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External otitis is the medical term for an outer ear and ear canal infection. A bacterial or fungal pathogen can cause the ear to become itchy, red, and painful, and pus might ooze from the canal. The condition is usually acute, meaning that symptoms come on suddenly but go away within about two weeks with treatment. Chronic external otitis is a more serious disorder that can last for several weeks or months. An individual who believes that he or she may have an ear infection should schedule an appointment with a physician as soon as possible to prevent further complications.
The ear is a relatively sensitive body part that can become infected for several possible reasons. Trauma to the ear canal that occurs when trying to clean it or scratch an itch can rupture the skin and create the opportunity for infection. External otitis can also result from water getting trapped in the ear canal and wearing away its protective wax coating. In fact, the condition is commonly called swimmer's ear because people who spend a lot of time in the water are at a very high risk of developing this type of infection.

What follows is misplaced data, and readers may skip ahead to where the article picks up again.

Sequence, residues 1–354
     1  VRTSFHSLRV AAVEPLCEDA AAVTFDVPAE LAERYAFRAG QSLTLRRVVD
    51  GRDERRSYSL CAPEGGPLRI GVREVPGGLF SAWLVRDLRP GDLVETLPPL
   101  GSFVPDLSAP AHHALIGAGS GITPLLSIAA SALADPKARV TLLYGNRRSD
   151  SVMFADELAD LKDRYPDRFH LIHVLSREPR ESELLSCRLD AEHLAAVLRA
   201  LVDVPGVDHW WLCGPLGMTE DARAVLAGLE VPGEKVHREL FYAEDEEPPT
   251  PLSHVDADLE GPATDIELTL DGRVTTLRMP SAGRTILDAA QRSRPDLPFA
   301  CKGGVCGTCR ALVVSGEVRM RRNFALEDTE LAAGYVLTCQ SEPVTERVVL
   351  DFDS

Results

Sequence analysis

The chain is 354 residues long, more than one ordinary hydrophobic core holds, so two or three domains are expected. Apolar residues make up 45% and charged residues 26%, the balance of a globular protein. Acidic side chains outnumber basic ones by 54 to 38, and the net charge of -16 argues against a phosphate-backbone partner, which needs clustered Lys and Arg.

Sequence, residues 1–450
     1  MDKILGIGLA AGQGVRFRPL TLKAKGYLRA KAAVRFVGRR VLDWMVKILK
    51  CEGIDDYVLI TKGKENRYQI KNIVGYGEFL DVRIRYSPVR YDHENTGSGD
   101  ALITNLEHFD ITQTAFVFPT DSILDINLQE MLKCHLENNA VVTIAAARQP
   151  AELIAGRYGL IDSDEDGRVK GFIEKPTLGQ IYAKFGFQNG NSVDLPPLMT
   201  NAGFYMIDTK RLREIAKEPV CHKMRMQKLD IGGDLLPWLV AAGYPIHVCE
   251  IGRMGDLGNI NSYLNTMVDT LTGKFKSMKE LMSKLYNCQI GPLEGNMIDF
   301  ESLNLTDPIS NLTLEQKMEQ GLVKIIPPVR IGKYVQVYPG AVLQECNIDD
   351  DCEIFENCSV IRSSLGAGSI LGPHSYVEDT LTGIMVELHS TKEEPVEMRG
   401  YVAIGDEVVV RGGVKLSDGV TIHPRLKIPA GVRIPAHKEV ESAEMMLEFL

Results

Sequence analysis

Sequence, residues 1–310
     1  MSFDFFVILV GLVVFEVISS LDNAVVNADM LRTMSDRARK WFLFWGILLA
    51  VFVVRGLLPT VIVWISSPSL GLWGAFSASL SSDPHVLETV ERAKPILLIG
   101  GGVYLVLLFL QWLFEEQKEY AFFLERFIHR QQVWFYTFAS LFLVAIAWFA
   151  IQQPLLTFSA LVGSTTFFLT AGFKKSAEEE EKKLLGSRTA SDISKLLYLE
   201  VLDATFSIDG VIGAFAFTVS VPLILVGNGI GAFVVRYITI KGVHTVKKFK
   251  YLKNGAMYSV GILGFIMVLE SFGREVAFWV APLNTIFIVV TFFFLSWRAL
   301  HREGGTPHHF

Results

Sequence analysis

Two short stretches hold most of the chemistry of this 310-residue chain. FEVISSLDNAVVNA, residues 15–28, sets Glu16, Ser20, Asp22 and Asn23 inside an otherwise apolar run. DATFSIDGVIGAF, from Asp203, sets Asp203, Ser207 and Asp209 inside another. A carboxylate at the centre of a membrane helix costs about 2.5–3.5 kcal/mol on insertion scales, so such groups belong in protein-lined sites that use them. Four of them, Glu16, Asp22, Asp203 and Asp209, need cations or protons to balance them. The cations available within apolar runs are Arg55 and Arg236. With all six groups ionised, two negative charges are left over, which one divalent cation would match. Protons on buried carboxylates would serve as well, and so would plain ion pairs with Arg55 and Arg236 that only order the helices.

An individual who has acute external otitis is likely to experience pain and itching sensations that become worse over the course of two to three days after infection. As the condition persists, the canal may produce a foul-smelling yellow discharge that drains out of the ear. A person's hearing may become muffled if water is still trapped in the cavity or irritation and swelling become severe. Chronic external otitis usually results in similar symptoms, and hearing loss and draining often become more severe over time.
A doctor can usually diagnose external otitis by asking about symptoms and performing a thorough physical examination. The physician can peer into the ear canal to check for possible middle- and inner-ear damage and collect a sample of pus to check for specific pathogens. He or she usually cleans the ear with a cotton swab and removes excess pus with a suction device.
After identifying the fungus or bacterium responsible for infection, the doctor can prescribe the appropriate type of medication. Antibacterial and antifungal ear drops are commonly given to patients, who are instructed to use them for about two weeks or until symptoms go away. In addition, a doctor may prescribe anti-inflammatory drugs or corticosteroids to reduce severe pain and swelling. A swimmer may be instructed to avoid water for several weeks to allow the ear time to fully heal.